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"People talk much more about Lend and Becker, but I can sneak up from behind and that's a position I like. I would like to reach that No. 1 spot at least once in my career. Just to see how it feels" - Stefan Edberg on his targets. Read the interview

The Swede and the Swiss

from Tennis Head (issue of January 2015)
by Paul Newman
Purchase the entire issue (paper or digital edition)»

With the Davis Cup added to the list of honours won by Roger Federer, Paul Newman reflects on a remarkable come back year for the Swiss and assesses the impact Stefan Edberg has had on the latest chapter of a unique career.

As Roger Federer reflects on a memorable 2014 he will surely regard a phone call that he made just over 12 months ago as one of the major turning points in his career. When Federer parted company with Paul Annacone, his coach of the previous three years, in October 2013, you would have got long odds on the Swiss replacing him with Stefan Edberg, who had never previously coached a top player and had spent 12 years out of the sport following his retirement.

One phone conversation, however, was enough to ignite Edberg's interest in coaching the seven-times Wimbledon champion - and the two men have not looked back. A campaign which began with many wondering whether Federer could ever scale the peaks again ended with the 33-year-old Swiss back at No.2 in the world rankings and securing one of the jewels that had been missing from his crown as he led his country to victory in the Davis Cup.

From the moment Federer reached the final of his first tournament in Brisbane, it proved to be a very different season to the year before, when he was beset by back problems and won only one title, which was his worst haul since 2001.

Over the course of 2014 he played in one of the best Wimbledon finals of recent times before losing to Novak Djokovic, reached the semi-finals at the Australian and US Opens, won his first Masters Series title for two years in Cincinnati and quickly added another in Shanghai. By the end of the year he had reached 11 finals (not counting the Davis Cup) and won five of them. It was fitting that he should end the campaign with one of the highlights of his career as he beat Richard Gasquet in what proved the decisive rubber to give Switzerland their first Davis Cup trophy in the competition's 114-year history.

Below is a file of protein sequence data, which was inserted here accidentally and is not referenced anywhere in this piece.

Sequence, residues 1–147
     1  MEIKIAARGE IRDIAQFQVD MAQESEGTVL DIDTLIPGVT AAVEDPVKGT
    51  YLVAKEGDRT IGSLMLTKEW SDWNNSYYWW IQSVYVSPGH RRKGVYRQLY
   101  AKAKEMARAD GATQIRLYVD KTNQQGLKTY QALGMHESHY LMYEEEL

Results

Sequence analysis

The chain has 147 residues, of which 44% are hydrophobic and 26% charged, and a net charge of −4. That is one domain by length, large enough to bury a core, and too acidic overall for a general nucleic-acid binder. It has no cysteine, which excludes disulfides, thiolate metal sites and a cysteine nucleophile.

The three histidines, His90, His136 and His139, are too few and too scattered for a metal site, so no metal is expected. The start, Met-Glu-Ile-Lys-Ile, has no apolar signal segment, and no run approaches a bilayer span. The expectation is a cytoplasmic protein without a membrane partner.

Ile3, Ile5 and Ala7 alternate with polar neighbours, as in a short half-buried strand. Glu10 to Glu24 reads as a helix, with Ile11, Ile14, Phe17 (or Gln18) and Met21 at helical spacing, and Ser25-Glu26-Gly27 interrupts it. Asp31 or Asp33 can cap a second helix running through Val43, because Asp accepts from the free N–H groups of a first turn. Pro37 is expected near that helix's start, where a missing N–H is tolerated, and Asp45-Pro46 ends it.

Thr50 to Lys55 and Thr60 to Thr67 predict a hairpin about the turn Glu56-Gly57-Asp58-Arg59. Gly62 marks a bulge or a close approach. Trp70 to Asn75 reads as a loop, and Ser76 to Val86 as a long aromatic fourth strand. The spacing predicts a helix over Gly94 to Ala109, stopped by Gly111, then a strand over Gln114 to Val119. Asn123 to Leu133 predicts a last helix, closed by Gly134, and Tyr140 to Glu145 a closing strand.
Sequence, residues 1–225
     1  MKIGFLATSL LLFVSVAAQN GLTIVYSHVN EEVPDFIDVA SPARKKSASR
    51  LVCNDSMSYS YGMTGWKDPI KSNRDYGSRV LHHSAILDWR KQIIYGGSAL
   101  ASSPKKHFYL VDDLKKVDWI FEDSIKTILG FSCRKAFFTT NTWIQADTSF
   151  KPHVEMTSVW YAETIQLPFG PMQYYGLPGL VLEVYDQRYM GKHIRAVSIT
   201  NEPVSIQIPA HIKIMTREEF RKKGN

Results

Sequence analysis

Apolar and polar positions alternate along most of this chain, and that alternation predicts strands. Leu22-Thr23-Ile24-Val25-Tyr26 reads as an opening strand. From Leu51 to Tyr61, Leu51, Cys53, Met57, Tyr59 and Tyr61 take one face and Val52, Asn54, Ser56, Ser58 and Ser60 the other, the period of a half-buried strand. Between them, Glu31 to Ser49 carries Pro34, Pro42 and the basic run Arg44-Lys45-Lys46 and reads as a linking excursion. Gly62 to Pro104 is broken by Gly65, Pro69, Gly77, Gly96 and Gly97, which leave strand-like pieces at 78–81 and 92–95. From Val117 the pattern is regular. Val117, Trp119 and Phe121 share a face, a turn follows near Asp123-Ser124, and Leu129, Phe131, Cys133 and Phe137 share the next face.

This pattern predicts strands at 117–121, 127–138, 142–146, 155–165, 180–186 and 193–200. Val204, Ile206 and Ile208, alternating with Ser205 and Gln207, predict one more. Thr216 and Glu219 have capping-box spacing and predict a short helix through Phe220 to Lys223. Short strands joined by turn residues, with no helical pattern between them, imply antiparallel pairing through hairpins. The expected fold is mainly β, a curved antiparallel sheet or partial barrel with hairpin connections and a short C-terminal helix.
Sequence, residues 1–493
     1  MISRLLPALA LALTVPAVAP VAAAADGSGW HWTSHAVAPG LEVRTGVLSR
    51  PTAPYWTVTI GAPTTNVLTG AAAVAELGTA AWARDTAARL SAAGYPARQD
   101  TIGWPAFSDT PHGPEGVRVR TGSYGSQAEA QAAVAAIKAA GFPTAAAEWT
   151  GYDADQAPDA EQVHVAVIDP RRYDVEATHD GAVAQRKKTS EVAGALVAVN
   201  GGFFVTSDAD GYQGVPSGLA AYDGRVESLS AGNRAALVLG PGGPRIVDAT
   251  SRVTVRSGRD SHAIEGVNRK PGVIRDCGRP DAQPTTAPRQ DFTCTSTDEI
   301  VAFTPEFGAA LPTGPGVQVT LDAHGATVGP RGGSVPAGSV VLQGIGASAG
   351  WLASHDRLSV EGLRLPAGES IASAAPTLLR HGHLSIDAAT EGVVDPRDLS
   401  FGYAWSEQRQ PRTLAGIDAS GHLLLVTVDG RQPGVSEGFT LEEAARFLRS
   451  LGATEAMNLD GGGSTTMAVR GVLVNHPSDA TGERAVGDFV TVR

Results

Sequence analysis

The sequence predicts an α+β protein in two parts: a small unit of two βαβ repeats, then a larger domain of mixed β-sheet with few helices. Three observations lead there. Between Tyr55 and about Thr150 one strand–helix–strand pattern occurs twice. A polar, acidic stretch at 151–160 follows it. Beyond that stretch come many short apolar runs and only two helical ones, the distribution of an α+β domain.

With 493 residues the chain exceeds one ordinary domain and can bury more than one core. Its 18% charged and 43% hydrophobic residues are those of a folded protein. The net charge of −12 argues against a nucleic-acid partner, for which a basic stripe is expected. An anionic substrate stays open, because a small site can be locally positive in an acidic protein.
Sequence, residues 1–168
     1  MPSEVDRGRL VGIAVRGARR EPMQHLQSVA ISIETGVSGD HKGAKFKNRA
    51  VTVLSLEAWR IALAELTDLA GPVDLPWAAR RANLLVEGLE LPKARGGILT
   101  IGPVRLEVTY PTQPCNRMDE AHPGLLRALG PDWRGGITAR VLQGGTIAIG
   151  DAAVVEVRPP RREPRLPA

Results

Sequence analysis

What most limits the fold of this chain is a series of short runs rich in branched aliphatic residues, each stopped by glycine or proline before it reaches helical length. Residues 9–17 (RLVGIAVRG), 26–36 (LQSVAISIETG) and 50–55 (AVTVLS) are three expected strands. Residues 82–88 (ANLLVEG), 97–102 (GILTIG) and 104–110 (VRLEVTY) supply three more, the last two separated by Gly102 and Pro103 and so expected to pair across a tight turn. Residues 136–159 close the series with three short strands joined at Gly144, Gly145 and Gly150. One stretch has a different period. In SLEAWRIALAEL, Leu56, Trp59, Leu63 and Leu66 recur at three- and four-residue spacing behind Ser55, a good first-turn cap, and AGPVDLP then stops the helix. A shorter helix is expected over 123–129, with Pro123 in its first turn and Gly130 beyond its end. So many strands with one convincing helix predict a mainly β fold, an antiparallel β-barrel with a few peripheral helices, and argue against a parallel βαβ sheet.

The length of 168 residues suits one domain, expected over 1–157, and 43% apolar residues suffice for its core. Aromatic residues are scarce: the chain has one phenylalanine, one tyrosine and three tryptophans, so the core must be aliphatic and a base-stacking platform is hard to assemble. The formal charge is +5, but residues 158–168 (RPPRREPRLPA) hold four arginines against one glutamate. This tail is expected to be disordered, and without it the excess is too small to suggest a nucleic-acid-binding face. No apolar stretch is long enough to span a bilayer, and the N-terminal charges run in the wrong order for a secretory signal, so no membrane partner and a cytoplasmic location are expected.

Of the spate of "legend" coaching appointments that were made last winter, Edberg's was arguably one of the most improbable. If eyebrows were raised at Djokovic's recruitment of Boris Becker, the German had at least stayed in close contact with tennis through his media work.

Edberg, in contrast, had focused on a successful business career after putting away his rackets for the last time in 1996. Even when he started making occasional appearances on the veterans' circuit 12 years later the Swede did not appear to be interested in immersing himself in the sport again. As for Federer, the Swiss had spent lengthy periods in the past without a permanent coach.

Following Annacone's departure he was expected by many to work only with Severin Lüthi, his Davis Cup captain, who had become a regular member of his entourage. Federer, nevertheless, had other ideas, even if he approached Edberg more in hope than expectation.

"When I called him, I clearly expected a negative answer," Federer said. "He doesn't need to do this in anyway. I'm thrilled that he took the opportunity. He saw it as a really big opportunity to help me and get me back to winning ways. It's going really well, I'm really pleased how we're able to manage everything.

He hasn't followed the game very closely the last 15 years, but he has a lot of experience as a player. And with the information that I have and that Severin has, I think we make a great team. Stefan really enjoys himself on the tour now." Federer admits that for much of his life he had been in awe of Edberg.

When Federer was growing up, Becker had been the Swiss youngster's first idol, but the powerful German was soon replaced by the elegant Swede. "I started to watch him closely and I liked the way he played and the way he behaved on court," Federer said. "I also had a one-handed backhand by then so I guess I could really relate to some degree." Having put Edberg on such a pedestal, Federer did not feel entirely comfortable when he approached him with the coaching suggestion at the end of last year. "I think with idols or heroes, it's always intimidating to speak to them or see them or spend time with them," Federer said. "It's just not something you ever thought was going to happen."